1 May 1996 Torsional stress relaxation in tight-buffered optical fibers
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Abstract
The presence of torsional stress in optical fibers, introduced during splice storage, can adversely affect splice performance and reliability. The relaxation behavior of 900-mm buffer-coated optical fibers following a torsional strain is examined in this study using a transient rheological technique. Samples of different configurations were examined, including completely coated fibers, coated fibers with one end stripped so as to mimic an actual splicing application, and the coating alone with the fibers removed. All samples displayed a power-law stress relaxation with the power-law exponent n dependent on the fiber configuration. The behavior of the coated fiber and that of the coating alone were similar, indicating that the torsional stress relaxation was dictated by the coating itself. Samples with coating stripped from one end showed a lower stress level and a smaller exponent suggestive of a different relaxation mode, which can be interpreted in terms of the stress distribution at the glass coating interface. All samples, regardless of fiber configuration, exhibited very slow stress relaxation, indicating that considerable stress will be present in the fibers in a splice for a long period of time. The effect of the torsional stress on fiber lifetime is discussed using a simplified model.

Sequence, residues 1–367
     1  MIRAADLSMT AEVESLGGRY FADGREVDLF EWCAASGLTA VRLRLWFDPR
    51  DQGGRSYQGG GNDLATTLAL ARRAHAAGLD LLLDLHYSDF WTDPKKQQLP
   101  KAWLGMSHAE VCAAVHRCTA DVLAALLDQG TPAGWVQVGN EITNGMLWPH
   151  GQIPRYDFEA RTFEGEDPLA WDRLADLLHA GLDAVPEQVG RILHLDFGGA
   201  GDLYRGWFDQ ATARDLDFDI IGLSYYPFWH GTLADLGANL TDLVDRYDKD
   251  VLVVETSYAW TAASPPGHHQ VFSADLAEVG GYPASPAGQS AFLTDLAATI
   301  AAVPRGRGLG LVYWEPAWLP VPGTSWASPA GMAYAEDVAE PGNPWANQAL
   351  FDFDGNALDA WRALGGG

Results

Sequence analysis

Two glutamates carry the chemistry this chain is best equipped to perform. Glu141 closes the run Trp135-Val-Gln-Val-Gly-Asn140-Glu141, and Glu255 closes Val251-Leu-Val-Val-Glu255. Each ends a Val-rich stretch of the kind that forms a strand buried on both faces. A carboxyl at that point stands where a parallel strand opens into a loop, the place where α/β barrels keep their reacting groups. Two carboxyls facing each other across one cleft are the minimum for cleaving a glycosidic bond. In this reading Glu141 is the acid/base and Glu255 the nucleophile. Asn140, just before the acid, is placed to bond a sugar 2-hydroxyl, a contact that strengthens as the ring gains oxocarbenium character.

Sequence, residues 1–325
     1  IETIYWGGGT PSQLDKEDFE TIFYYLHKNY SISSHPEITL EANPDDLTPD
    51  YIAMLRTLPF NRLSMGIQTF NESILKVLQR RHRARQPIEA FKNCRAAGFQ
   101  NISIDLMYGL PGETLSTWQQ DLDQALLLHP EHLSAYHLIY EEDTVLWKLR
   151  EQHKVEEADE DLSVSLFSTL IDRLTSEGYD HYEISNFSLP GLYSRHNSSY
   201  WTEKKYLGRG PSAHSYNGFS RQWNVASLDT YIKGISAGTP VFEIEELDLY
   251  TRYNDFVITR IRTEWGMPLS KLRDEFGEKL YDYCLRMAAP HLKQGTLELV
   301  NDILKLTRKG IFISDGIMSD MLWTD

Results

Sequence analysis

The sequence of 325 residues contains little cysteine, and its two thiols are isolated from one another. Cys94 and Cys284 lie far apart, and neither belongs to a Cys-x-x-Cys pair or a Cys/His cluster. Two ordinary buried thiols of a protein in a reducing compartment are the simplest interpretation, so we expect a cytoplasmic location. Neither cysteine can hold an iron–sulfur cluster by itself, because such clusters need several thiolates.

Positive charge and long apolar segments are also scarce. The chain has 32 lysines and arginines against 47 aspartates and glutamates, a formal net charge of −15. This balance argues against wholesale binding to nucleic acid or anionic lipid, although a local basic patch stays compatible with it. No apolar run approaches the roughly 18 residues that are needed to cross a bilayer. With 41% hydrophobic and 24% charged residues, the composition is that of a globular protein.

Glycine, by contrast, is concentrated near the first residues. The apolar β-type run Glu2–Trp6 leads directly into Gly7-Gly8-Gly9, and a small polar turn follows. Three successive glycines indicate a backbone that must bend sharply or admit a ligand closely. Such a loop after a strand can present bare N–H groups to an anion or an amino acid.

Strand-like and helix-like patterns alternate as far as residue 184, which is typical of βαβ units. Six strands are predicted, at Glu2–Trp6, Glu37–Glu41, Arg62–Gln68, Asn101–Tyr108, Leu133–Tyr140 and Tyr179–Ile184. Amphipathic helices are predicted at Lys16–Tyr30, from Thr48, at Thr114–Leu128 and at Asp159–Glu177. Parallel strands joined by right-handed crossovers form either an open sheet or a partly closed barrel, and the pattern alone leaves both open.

Kathryn A. Berchtold, Leslie A. Reith, Saad A. Khan, "Torsional stress relaxation in tight-buffered optical fibers," Optical Engineering 35(5), (1 May 1996). https://doi.org/10.1117/1.600683
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